EL PASO COUNTY, Colo. — Ninety-two home owners got the news they were dreading Wednesday afternoon when the El Paso County Sheriff’s Office released a list of homes that were a “total loss” after being charred by the Black Forest Fire.
The number of homes destroyed is certain to increase in the coming days as the out-of-control fire continues to burn. Another five homes have been damaged, said Sheriff Terry Maketa.
He said 315 homes appeared to be unaffected.
In total, Maketa said the fire displaced between 9,000 and 9,500 residents in 3,400 homes.
The fire grew to 8,500 acres Wednesday afternoon as was 0 percent contained. Officials anticipated the fire would continue to grow by 3,000 acres.
Thankfully, as of Wednesday afternoon, there were no reports of casualties, but one person might be missing, Maketa said.
“I don’t want people to underestimate it,” he said at an afternoon news conference. “This fire is very dangerous.”
Evacuation zones grow as does fire
The fire shifted directions several times since starting around 1 p.m. Tuesday. It forced emergency officials to continue to expand their evacuation and pre-evacuation zones, including areas of north Colorado Springs and South Elbert County.
In Black Forest, the mandatory evacuation zone was bordered by Walker Road/Evans Road to the north, Highway 83 to the west, Eastonville Road to the east and Burgess Road/Rex Road to the south.
Areas on pre-evacuation notice include:
Area 1 – Burgess Road south to Stapelton Drive, and Volmer Road east to Meridian Road.
Area 2 – Latigo Blvd. south to Stapelton Drive, and Meridian Road east to Highway 24.
Area 3 – Guy Ranch Road south to Stapelton Road, and Eastonville Road east to Elbert Road.
Area 4 – Burgess Road south to Old Ranch Road and Poco Road, and Milam Road east to Volmer Road.
In north Colorado Springs, the voluntary, pre-evacuation area included Highway 83 west to Interstate 25 and all areas north of Northgate Blvd. to Highway 105. This area expanded Wednesday night. See the new map here.
“A Voluntary Evacuation means that the fire is moving closer to you,” the city said in a statement. “A mandatory evacuation order may be issued at any time. Now is the time to prepare for immediate evacuation. If you think that you may have complications evacuation, or need assistance evacuation now may be the best time to leave.”
The Elbert County Sheriff’s Office also ordered mandatory evacuations. The area is north of the fire and includes west of N. Elbert Road and south of County Road 106.
Additional air resources, firefighters called to help fire
A Type I incident command team has arrived and was expected to take command of the fire at 6 a.m. Thursday. The team is considered the most experienced in fighting large fires.
It will be familiar territory for Incident Commander Rich Harvey, who lead the battle to contain the Waldo Canyon Fire, the most destructive fire in Colorado history, last year.
Dry conditions, high heat and winds from the south sustained at 20 mph fueled the fire Wednesday. The forecast calls for another windy, hot day on Thursday.
Maketa said air resources from the National Guard and Fort Carson have been “heavily engaged” in fighting the fire. Video from SkyFOX showed a C-130 making slurry drops along with a Chinook and Blackhawk helicopters making water drops.
Gov. John Hickenlooper has singed three Executive Orders declaring the Black Forest (as well as two other large fires burning in Colorado at the Royal Gorge and Klikus fires. This frees up state money to help fight the fires.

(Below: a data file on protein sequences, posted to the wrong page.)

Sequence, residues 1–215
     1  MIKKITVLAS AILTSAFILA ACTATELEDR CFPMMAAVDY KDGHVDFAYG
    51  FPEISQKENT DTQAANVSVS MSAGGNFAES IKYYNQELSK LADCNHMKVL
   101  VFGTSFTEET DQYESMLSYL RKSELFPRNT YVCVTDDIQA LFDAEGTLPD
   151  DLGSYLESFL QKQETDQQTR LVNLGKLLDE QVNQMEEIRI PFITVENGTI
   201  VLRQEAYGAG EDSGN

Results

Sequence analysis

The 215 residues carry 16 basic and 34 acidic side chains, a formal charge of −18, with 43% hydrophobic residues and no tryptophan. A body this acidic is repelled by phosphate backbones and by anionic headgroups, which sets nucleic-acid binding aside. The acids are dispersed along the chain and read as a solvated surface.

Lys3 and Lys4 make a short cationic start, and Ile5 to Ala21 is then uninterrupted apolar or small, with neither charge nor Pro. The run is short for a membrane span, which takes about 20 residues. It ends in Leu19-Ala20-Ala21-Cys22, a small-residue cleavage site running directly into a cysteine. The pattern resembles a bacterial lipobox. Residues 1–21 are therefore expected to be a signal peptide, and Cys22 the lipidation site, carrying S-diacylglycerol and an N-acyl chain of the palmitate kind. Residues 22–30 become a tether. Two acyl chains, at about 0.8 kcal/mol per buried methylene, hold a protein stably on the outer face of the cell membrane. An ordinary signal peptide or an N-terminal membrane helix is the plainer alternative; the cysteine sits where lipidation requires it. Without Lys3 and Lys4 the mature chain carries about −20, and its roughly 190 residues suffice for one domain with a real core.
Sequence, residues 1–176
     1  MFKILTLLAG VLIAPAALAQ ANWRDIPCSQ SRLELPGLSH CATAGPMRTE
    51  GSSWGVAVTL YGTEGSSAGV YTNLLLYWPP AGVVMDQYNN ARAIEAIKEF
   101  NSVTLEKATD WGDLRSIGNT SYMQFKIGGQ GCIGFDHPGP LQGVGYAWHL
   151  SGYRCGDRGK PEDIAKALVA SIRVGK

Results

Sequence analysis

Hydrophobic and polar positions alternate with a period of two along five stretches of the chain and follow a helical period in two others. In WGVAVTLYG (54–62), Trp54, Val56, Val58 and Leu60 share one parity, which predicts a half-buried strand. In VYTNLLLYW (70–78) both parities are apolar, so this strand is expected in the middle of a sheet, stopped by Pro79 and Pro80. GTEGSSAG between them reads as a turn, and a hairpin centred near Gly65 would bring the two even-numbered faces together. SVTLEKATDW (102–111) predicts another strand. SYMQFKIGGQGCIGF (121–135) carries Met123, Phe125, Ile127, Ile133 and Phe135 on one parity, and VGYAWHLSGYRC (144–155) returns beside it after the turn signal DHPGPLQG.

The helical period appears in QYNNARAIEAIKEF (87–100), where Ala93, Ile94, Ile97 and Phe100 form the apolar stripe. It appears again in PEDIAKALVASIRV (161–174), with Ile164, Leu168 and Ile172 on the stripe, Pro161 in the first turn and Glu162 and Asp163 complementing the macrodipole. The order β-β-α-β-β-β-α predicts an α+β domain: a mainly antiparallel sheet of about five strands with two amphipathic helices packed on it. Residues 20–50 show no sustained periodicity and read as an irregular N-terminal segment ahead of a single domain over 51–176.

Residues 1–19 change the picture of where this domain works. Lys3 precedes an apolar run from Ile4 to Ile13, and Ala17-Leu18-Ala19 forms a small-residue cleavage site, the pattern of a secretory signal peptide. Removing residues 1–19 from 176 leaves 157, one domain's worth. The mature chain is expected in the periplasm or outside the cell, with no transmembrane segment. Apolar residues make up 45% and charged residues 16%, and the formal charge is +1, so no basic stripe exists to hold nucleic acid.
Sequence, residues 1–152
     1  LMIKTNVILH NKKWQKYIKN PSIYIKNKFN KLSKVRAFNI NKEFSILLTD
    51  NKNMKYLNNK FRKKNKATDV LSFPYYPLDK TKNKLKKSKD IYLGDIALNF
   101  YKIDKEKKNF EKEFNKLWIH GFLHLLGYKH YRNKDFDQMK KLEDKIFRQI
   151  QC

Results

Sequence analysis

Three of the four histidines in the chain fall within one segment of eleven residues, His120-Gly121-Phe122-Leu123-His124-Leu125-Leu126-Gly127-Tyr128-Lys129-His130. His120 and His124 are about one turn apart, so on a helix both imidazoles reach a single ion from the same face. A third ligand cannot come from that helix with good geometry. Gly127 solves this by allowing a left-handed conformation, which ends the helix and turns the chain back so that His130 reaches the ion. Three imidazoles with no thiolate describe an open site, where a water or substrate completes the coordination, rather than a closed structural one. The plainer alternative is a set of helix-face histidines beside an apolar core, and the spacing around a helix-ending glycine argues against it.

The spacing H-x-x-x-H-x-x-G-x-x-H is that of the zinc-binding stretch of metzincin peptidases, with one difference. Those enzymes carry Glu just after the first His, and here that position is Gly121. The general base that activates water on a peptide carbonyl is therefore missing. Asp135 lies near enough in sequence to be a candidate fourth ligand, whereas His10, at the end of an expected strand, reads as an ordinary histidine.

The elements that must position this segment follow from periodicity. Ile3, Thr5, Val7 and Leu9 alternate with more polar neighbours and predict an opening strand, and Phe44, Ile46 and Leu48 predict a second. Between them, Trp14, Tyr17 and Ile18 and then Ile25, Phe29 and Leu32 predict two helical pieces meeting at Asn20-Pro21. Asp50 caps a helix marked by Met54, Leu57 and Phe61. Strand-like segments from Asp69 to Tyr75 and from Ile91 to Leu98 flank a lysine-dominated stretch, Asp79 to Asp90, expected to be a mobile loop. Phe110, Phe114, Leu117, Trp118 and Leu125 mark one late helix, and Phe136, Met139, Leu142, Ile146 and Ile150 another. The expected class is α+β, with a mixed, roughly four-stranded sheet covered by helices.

“Everywhere you looked you saw scattered fires, almost like there was a huge convention of campfires everywhere.” Maketa said Wednesday morning. “Periodically, you’d see trees pop into a fireball.”
No cause for the fire has been released. Maketa said it originated in the area of Falcon Drive and Shoup Drive. From there it moved to the north before high winds pushed the fire rapidly east, he said.
No injuries have been reported as of Wednesday morning, but Maketa said he was worried that those reports could change later in the day.
“We are aware that not everyone followed evacuation orders,” Maketa said. “There is the possibility that we could see tragedy in the form of the loss of life.”
He said he hasn’t received any reports of missing people, but he knows some people in an evacuation area refused to leave. “One of my worst fears is that people (might) have taken chances,” and “I do have concerns we could be facing a tragedy,” Maketa said.
Residents say they feel shaken, helpless
Morgan Pace felt said she felt hopeless as she drove past a large plume of smoke near her home in Monument.
“It was just surreal,” said Pace
Pace, a 38-year-old mother four, is among the tens of thousands affected directly and indirectly by the Black Forest Fire.
So, too, is Lisa Aggarwal. After a sleepless night, she packed up and left her Colorado Springs home on Wednesday — a hot and blue sky day, except for the looming smoke — along with her three young children.
“My family is scared and just trying to remain calm,” Aggarwal, said.
Palmer Ridge High School (19255 Monument Rd., Monument) was set up as an evacuation center. New Life Church in Colorado Springs was also an evacuation center, but was evacuated due to heavy smoke on Wednesday afternoon. Evacuees were all being transferred to Palmer Ridge High.
On Wednesday morning, deputies tweeted that the El Paso County Fairgrounds was accepting RVs and campers, and that electricity and showers were available.
A large animal shelter was set up at the Elbert County fairgrounds at 95 Ute Avenue in Kiowa (Phone: 303-718-3343), deputies said. Small animal assistance was being offered at Powers Pet Emergency, which can be reached at 719-473-0482.
Residents can call 719-444-8300 for more information about the fire.